Jorge Carneiro

Jorge Carneiro is a Principal Investigator at the Laboratório Associado ITQB and at Instituto Gulbenkian de Ciência (IGC), where he heads the Quantitative Organism Biology lab. He is the Director of the PhD Program in Computational Biology, promoted by FCG, FCT and Siemens SA.
Jorge got a degree in Biochemistry from the University of Porto, Portugal, in 1991. He prepared is PhD at the Pasteur Institute in Paris, where he developed immune network models incorporating B and T lymphocytes with John Stewart. He got is PhD in 1997 from the University of Porto. After a short postdoc at the University of Utrecht, with Rob de Boer, he became an independent researcher at IGC.
Jorge's lab was at the forefront of theoretical and quantitative studies on the dynamics of regulatory T cells, responsible for the prevention of autoimmune pathologies in healthy individuals. Together with his collaborators, he predicted the mechanism of action and repertoire selection of these cells, embodied in the Crossregulation Model. His vision of the way the immune system tolerates the organism's tissues and rejects extraneous or pathogen-infected tissues was successfully implemented as spam detection algorithms.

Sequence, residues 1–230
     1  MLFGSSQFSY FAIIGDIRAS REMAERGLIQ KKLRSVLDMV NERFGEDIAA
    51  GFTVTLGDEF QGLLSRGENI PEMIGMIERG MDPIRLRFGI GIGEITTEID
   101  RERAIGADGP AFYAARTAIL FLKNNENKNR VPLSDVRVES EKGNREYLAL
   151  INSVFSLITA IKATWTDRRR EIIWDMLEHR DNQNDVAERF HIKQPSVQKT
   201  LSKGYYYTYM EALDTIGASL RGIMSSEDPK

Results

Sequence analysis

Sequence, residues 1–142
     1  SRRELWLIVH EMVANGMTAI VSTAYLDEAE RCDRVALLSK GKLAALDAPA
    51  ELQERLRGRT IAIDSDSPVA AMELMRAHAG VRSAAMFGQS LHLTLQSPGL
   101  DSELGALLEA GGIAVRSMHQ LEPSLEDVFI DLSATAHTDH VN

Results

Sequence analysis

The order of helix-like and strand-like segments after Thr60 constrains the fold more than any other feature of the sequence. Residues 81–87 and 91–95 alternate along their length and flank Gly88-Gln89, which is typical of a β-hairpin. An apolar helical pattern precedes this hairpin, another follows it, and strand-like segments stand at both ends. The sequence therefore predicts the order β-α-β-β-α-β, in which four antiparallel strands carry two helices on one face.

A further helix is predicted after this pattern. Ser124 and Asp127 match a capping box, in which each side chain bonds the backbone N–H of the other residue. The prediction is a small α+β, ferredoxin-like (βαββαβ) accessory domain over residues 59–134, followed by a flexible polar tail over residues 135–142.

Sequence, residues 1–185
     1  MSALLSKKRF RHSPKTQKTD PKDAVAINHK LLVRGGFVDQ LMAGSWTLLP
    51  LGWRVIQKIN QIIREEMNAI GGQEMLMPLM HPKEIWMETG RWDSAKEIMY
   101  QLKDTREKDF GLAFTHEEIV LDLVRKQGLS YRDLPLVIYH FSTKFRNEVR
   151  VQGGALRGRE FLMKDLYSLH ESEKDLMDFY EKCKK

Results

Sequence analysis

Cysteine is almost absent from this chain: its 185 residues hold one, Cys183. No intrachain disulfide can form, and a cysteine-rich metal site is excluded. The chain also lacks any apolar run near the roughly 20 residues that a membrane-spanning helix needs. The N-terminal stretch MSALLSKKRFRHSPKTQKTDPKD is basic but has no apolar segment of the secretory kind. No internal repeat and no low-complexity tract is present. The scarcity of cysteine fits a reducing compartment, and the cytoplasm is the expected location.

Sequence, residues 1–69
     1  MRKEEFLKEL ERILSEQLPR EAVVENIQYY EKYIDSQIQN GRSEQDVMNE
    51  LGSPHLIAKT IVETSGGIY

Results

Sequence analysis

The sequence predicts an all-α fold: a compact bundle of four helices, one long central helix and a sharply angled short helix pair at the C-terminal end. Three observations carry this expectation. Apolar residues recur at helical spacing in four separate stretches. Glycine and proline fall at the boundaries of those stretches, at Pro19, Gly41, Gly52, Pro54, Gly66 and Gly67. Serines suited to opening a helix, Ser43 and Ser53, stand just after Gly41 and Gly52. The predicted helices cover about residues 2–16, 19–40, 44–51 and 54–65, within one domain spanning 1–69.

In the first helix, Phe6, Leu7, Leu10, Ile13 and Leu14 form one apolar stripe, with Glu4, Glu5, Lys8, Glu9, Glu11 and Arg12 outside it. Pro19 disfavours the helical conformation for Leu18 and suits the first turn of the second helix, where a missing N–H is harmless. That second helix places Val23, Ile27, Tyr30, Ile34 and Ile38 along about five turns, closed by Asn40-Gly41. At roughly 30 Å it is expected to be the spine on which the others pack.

More recently, Jorge gained interest on modelling the form and morphodynamics of cells and tissues during embryo development, and on the quantitative imaging techniques necessary to assess these models.

Jorge is active in the scientific community. He often organises workshops and courses on scientific topics such as mathematical and computational biology, immunology and imaging, as well as topics that are relevant for (young) scientists such as career development and entrepreneurship. Between 1998 and 2004, he was a member of direction of the Portuguese Society of Immunology, acting as Secretary General and Vice-President in the first and second triennia, respectively. He participated in the planning of, fund raised for, and organisation of the PhD Program in Computational Biology, eventually becaming its Director. This program was launched in 2005, being promoted by FCG, FCT and Siemens SA, and also sponsored by FCCN and Fundação PT. Its objectives were to train a limited number of PhDs in mathematical and computational biology at an internationally competitive level and to identify the future field leaders.